Shares of Peloton, which have largely struggled so far in 2021, took another hit on Tuesday after a major outage which affected the at-home fitness company’s bikes and treadmills, meaning that members were unable to take workout classes—though the issue was resolved by early afternoon.
Peloton’s stock fell up to 4% on Tuesday amid news of the outage, with shares of the at-home fitness company now down nearly 20% so far this year.
Just before 11:00 a.m. EST, the company said it was investigating an “issue with Peloton services” impacting users’ ability to take classes or access online services through the app.
The cause of the outage, which affected both Peloton’s Bikes and treadmills, wasn’t immediately clear—with the company still investigating and yet to offer an explanation.
Roughly an hour later, Peloton apologized for the inconvenience and said that there was “widespread recovery of Peloton services,” though the company is still working to confirm everything is fully back up and running.
The latest outage is more bad news for the at-home fitness company, which has struggled with waning demand and slowing sales since last year, when shares fell over 70% in 2021.
The stock rebounded somewhat earlier this month however, first amid reports of a possible acquisition from the likes of Amazon, Nike and Apple, and then after the appointment of veteran tech executive Barry McCarthy as Peloton’s new CEO.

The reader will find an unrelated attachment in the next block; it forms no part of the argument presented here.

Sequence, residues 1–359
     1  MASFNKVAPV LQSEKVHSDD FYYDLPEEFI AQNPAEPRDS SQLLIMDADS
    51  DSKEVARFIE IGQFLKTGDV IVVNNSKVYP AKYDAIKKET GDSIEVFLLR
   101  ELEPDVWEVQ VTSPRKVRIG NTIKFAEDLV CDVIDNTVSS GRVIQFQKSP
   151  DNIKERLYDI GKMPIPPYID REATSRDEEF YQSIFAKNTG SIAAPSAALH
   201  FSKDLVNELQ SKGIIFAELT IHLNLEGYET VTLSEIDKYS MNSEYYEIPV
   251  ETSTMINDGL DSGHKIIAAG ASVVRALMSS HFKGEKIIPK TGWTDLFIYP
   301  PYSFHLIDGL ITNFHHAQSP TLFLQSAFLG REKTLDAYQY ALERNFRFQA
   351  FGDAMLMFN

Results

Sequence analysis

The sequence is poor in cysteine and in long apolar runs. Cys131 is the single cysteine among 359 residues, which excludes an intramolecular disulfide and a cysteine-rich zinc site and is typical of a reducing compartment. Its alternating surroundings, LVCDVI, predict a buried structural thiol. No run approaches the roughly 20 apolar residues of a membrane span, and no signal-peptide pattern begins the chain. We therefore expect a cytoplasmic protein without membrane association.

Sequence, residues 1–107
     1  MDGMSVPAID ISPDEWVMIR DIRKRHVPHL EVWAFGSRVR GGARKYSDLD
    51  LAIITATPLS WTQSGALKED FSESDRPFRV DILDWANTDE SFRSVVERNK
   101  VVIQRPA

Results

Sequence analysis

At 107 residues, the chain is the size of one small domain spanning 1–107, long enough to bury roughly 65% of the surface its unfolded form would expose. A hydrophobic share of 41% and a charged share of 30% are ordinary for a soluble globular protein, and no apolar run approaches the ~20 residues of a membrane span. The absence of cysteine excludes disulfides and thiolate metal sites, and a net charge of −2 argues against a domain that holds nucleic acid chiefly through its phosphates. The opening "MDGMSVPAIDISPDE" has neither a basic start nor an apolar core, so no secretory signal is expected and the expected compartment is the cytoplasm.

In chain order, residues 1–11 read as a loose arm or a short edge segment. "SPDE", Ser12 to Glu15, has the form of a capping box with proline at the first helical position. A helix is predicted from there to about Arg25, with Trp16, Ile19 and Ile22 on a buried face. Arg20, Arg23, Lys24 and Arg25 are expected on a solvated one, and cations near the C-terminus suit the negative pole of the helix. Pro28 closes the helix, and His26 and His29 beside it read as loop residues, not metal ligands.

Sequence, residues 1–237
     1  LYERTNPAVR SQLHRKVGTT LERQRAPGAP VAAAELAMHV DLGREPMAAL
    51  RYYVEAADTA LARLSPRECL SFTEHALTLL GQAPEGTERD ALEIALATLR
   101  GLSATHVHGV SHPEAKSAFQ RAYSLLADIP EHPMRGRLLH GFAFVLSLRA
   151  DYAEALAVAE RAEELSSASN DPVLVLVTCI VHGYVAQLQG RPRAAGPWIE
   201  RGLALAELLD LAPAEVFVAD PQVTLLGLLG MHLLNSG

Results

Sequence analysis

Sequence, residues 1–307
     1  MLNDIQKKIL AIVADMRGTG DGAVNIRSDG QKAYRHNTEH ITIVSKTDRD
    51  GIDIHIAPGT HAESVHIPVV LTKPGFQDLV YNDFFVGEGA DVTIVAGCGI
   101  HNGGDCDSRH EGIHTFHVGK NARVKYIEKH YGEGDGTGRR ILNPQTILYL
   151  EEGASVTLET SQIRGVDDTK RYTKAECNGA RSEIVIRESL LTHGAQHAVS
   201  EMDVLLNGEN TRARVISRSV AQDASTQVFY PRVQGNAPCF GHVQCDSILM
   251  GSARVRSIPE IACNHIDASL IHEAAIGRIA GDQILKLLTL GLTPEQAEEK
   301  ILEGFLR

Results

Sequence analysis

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Workplace messaging app Slack also experienced an outage on Tuesday morning, which apparently lasted for several hours. The company posted at noon that there were “signs of improvement” and that it would shortly confirm once the situation was fully resolved. Shares of Slack’s parent-company, Salesforce, fell 0.8% on the news.
Shares of Peloton surged nearly 40% in one week earlier in February, amid reports that the at-home fitness company was drawing interest from potential buyers including Amazon, Nike and Apple, among others. Also helping boost the stock higher—despite Peloton’s lackluster quarterly earnings report—was the appointment of McCarthy, former CFO of Spotify and Netflix, as Peloton’s new CEO on February 8. Last week, McCarthy dismissed the possibility of a sale, saying in an interview that he took the top job to seize a long-term growth opportunity. He plans to turn the company around by doubling down on content, expanding globally and increasing Peloton’s product portfolio.
Peloton Shares Fall After New CEO Says Company Won’t Be Sold In The ‘Foreseeable Future’ (Forbes)
Can Peloton Be Saved? Here’s What Experts Say About The New CEO, Barry McCarthy (Forbes)
Apple, Amazon Or Nike? Peloton Stock Surges, But Here’s What Experts Say About A Takeover (Forbes)
Pandemic Darling No More: Peloton’s Dramatic Crash In 4 Charts (Forbes)